Monday, 29 April 2013

Televised Match Officials and the Role of the Referee

The Rugby Ref was recently asked to collaborate with an article on injuries in sport.
The Rugby Ref has no connection with the firm concerned, but feels that anything that contributes to player safety is worth looking at.  The article below was submitted by Vicki Power.

Televised Match Officials and the Role of the Referee

The role of the Rugby referee is changing due to changes in the laws and an emphasis being put on player safety and health.

Concussion bin

Last year the International Rugby Board (IRB) introduced the Concussion bin in a trial period in the (then) Aviva Premiership. This allowed players who had sustained a collision or head injury to be assessed off the field. A temporary substitute is put into the game for 5 minutes while the assessment is taking place. If the player is fit and well, he can then return to the game. If he presents symptoms of a concussion he will remain out of the game and the temporary substitute becomes permanent.

Televised Match Officials (TMO)

In addition to the introduction of the concussion bin, the IRB allowed for more use of video technology during televised games. Previously, the video was used to assess whether a try had been scored, but the change allowed for the referee (in certain competitions) to consult the Television Match Official (TMO) with regards to foul play or personal injury, and also allowed the TMO to alert the referee of any incidents they may have missed.

There are mixed feelings on the use of TMO with some saying that it takes away the charm of rugby and the role of the referee and can be seen as a cop out on the referee’s part.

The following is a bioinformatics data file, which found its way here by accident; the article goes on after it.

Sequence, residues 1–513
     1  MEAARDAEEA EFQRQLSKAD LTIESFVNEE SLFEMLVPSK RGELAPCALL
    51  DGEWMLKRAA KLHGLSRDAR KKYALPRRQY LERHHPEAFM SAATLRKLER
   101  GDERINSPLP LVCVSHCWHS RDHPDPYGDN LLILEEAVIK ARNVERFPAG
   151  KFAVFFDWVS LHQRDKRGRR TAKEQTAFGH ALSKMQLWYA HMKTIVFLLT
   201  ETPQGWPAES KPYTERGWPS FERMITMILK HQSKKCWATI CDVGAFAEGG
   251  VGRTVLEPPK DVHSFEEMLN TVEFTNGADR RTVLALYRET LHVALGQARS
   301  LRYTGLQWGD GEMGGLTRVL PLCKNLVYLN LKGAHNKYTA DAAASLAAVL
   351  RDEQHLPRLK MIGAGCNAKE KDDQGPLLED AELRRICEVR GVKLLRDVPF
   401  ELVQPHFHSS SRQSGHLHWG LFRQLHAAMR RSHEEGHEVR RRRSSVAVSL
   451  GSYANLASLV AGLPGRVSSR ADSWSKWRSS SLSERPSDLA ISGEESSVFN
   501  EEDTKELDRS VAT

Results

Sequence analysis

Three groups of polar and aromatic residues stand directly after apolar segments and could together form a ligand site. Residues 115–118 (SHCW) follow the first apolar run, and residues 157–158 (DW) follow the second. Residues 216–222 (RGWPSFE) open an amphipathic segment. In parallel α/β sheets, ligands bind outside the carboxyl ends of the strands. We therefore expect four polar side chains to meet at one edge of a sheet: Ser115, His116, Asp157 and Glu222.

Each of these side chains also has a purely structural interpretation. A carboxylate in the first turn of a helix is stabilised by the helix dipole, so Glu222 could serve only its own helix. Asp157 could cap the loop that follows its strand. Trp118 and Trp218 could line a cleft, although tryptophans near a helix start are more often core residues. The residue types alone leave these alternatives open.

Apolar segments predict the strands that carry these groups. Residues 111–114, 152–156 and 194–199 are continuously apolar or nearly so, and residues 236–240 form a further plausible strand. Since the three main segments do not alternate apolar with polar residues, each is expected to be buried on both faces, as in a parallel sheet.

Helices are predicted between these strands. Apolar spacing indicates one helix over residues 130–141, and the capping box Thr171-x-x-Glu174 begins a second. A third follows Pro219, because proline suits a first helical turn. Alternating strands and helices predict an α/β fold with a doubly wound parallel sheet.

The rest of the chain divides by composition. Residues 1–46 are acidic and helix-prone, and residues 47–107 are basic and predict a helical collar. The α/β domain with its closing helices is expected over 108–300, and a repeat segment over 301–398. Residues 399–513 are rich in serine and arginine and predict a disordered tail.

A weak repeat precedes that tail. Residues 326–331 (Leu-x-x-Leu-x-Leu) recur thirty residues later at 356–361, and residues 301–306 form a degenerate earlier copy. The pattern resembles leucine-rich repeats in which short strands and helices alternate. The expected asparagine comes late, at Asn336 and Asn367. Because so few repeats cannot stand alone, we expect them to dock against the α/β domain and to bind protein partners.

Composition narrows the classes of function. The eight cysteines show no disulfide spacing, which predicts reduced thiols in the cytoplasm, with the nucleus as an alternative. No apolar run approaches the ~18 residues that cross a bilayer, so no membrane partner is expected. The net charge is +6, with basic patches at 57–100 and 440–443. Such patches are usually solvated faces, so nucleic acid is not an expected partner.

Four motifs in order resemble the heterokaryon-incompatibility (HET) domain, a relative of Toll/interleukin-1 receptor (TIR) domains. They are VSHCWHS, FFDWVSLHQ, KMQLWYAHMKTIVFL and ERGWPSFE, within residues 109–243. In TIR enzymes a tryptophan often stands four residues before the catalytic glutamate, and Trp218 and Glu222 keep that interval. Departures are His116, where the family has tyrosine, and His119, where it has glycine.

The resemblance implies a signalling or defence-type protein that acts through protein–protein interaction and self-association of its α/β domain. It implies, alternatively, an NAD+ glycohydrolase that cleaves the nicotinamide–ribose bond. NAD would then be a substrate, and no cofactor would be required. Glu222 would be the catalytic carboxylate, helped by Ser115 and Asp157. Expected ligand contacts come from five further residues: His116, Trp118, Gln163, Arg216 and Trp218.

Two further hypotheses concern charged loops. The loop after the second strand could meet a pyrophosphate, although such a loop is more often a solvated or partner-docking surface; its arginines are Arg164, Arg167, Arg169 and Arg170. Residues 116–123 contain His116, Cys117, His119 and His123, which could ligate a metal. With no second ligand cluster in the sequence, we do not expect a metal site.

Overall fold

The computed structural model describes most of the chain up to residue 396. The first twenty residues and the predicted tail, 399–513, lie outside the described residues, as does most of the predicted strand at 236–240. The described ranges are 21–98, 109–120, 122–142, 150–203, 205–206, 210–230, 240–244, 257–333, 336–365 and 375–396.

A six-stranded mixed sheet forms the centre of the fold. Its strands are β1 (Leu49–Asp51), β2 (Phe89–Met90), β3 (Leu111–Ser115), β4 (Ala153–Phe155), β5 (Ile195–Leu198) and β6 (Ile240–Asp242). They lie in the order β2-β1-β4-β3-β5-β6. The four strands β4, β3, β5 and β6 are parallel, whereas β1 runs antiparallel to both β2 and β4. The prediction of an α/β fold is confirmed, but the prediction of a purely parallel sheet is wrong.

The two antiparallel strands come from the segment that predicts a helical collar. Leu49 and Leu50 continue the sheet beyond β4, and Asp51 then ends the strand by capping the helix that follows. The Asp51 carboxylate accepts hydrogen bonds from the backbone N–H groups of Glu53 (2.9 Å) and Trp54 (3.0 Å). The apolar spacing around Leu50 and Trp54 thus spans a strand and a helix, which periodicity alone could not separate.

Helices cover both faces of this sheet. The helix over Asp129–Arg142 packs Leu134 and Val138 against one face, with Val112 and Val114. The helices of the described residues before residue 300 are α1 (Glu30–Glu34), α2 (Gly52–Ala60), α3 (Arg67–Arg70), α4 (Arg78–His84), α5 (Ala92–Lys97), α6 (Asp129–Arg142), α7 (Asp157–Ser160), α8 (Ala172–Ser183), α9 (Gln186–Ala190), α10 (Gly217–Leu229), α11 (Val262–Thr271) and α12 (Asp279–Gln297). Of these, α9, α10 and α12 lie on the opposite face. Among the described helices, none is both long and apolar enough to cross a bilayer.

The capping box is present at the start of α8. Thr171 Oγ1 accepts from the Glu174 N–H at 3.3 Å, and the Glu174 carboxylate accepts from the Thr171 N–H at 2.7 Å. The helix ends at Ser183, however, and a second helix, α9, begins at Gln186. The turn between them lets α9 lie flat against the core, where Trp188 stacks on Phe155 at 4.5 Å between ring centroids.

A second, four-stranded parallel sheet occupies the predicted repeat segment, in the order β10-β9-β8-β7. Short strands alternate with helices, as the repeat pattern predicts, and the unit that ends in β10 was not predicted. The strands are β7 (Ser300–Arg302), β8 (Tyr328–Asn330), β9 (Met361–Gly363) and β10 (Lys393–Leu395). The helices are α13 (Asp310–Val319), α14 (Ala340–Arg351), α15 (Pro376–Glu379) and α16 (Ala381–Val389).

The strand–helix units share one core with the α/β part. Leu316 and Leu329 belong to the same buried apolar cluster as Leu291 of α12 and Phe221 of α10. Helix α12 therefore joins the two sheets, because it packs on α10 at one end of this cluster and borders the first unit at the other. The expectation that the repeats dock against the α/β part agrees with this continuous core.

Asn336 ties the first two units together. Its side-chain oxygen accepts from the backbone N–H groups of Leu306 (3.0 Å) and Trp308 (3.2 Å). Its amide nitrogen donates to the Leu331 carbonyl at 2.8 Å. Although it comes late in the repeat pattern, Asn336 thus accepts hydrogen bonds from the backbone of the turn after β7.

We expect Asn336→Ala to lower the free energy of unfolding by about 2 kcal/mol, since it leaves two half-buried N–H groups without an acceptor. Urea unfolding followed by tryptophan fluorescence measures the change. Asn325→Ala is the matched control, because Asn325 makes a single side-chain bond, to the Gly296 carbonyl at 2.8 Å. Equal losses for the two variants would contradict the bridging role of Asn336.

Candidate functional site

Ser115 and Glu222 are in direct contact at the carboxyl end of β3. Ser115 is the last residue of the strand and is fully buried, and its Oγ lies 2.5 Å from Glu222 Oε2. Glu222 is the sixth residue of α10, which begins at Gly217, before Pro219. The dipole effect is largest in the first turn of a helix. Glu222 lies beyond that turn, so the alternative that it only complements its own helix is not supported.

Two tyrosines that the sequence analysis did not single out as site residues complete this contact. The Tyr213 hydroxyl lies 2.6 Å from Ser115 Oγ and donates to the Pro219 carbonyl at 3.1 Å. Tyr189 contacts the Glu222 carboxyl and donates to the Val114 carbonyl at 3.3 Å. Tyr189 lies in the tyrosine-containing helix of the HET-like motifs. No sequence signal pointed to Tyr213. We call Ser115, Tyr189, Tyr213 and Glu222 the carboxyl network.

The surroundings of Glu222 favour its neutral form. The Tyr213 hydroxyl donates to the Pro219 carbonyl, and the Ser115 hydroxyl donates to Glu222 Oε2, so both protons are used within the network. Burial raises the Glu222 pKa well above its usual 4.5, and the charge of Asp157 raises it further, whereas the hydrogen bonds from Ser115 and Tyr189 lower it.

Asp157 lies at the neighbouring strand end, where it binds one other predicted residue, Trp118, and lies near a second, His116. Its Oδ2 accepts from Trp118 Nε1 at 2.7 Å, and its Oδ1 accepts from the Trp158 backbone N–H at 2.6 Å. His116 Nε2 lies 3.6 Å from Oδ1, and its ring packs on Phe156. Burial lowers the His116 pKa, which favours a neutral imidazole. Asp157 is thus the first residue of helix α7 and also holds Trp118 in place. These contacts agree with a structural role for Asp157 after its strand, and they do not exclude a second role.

But, the results from the trial period appear, at this point, to be positive.
NB: The Rugby Ref says "anything that helps remove foul play from the game, and helps the referee make the correct decision should be welcomed, but the referee must remain the sole judge of fact and of law".

Referees have a great responsibility when they step onto the pitch. They must ensure that players and coaches comply with the laws of the game and that the integrity of the sport is upheld and that can only be assisted, at the highest levels, with the use of video technology.

Injury Surveillance Report

A recent report produced by the Rugby Football Union (RFU), highlighted the severity and frequency of specific injuries within the sport.

The study is commissioned by the Rugby Football Union and Premier Rugby Ltd and was first conducted in 2002. The study is now the largest of its kind and is used to assess professional rugby union injuries and training practises throughout the world.

Most Common cause of Injury

The report went into great detail of the causes of injuries during a match and what came out on top was Tackles.

The most common injuries to be sustained from a tackle are: Thigh injuries, knee injuries, other leg injuries and sternal injury to the ball carrier. Clavicle injuries, concussion and cervical nerve root injury to the tackler.

Tackles are all lumped under the same bracket, the report does not go into detail of illegal tackles or foul play, which explains the wide variety of injuries associated with this action.
NB: The Rugby Ref says "rugby is a collision sport and injuries are inevitable, but lets remove the dangerous and foul play, that produces preventable injuries".

Role of the Referee

When officiating a match, an additional role of the match officials, referee and coaches is to ensure the safety of the players. With the introduction of video technology to help rule and spot unsportsmanlike behaviour, illegal tackles and foul play, does this increase the responsibility placed on the referee? And, as a result, does this place more liability on the referee and the match officials when it comes to pointing fingers after an incident?

Robert Kitson , the Rugby Union correspondent was quoted in The Guardian in 2012:

“If a referee, or his assistants overreact in the heat of the moment it can ruin games and tarnish careers in an instant”
NB: The Rugby Ref says "referees react to what the players do, referees don't break the law or commit foul play, they merely uphold the law.  Let us be the best match officials we can be through training and assessments".

The increased usage of video technology will help ensure that overreactions don’t occur and will help result in a more agreeable and explainable decision, but will the extra liability that it appears to place on the referee result in the overall feeling toward the change being negative?